“Most recent trends are positive news for the UK tourism industry with London visitors mostly satisfied with the service they receive; however, satisfaction scores for some critical aspects such as cleanliness, “satisfaction with room”, “friendliness of staff”, and “value for money” are lower in London compared to other cities in the UK. This may discourage London visitors from visiting other destinations in the UK.”

“It is, of course, very interesting to note the differences between hotel chains. Marriott hotels in particular seem to have been extraordinarily successful in training their staff and investing in their product to offer a great experience. The highest level of brand loyalty among respondents is testament to the service and experience provided by this hotel group.”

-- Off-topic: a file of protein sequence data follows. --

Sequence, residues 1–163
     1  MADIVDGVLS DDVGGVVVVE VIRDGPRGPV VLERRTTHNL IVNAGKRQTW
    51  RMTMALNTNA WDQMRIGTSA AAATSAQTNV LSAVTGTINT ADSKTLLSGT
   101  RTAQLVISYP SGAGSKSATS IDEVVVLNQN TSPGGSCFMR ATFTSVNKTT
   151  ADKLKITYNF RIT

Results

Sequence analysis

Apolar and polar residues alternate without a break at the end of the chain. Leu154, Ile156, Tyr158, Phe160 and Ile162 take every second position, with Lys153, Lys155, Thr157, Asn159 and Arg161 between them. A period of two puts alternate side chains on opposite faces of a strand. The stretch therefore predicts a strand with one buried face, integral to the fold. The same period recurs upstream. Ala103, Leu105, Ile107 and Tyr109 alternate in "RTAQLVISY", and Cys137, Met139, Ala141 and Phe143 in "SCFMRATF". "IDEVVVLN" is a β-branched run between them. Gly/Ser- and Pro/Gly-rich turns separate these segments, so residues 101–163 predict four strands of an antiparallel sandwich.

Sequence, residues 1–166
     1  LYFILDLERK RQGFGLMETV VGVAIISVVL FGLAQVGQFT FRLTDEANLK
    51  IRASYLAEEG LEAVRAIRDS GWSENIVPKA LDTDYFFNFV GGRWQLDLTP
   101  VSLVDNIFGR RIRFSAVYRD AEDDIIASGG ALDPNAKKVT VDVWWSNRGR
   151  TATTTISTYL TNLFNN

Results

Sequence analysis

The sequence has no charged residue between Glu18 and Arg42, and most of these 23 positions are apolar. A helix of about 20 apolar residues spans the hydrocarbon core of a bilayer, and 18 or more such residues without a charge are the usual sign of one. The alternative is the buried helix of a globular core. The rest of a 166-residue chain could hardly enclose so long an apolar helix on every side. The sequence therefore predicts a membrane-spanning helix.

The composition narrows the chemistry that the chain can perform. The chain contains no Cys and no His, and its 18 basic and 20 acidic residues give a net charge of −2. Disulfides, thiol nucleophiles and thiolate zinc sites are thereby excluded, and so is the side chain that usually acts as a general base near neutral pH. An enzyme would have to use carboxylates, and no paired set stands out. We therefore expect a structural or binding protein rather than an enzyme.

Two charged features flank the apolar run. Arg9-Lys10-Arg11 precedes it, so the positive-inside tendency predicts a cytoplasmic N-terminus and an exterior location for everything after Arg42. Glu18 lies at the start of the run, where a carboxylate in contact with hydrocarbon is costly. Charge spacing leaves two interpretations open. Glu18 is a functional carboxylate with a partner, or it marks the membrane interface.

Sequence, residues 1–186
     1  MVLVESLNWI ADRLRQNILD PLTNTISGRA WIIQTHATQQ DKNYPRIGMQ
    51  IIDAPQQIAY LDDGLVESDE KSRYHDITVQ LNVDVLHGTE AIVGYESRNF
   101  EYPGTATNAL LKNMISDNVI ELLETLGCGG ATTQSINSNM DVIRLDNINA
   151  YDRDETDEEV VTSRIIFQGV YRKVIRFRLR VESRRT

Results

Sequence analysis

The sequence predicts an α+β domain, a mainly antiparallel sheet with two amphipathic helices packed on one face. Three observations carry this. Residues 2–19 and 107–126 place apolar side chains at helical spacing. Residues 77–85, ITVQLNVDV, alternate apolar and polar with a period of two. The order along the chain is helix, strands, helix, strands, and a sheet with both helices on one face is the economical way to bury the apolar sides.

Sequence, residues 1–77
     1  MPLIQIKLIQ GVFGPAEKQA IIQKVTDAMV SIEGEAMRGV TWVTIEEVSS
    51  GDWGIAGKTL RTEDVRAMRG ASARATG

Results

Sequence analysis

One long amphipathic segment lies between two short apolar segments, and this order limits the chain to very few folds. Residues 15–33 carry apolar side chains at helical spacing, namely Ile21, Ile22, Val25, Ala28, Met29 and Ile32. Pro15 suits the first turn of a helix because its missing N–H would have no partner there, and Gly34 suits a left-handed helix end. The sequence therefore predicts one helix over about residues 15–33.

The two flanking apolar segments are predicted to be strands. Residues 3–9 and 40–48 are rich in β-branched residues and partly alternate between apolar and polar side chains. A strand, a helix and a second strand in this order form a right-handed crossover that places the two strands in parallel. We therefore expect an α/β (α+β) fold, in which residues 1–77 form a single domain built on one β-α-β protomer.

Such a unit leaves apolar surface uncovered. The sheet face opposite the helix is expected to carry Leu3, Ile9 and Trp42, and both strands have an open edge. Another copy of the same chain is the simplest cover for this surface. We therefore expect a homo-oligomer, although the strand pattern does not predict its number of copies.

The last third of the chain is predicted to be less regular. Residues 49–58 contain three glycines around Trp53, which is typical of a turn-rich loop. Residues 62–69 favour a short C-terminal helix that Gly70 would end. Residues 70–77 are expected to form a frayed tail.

Background: LJ Research – a market research agency specialising in the travel, tourism and hospitality industry – survey around 10,000 visitors to London every year. This London Visitor Survey is undertaken in association with the London Pass Group. The LJ Hotel Monitor is a product of the survey based on the feedback of more than 5,000 visitors who stayed in hotels or serviced apartments in the city. The vast majority of respondents are from overseas and visit London for leisure purposes. Almost half of the visitors who responded to the survey in 2012 fell between the ages of 36 and 55 (48%).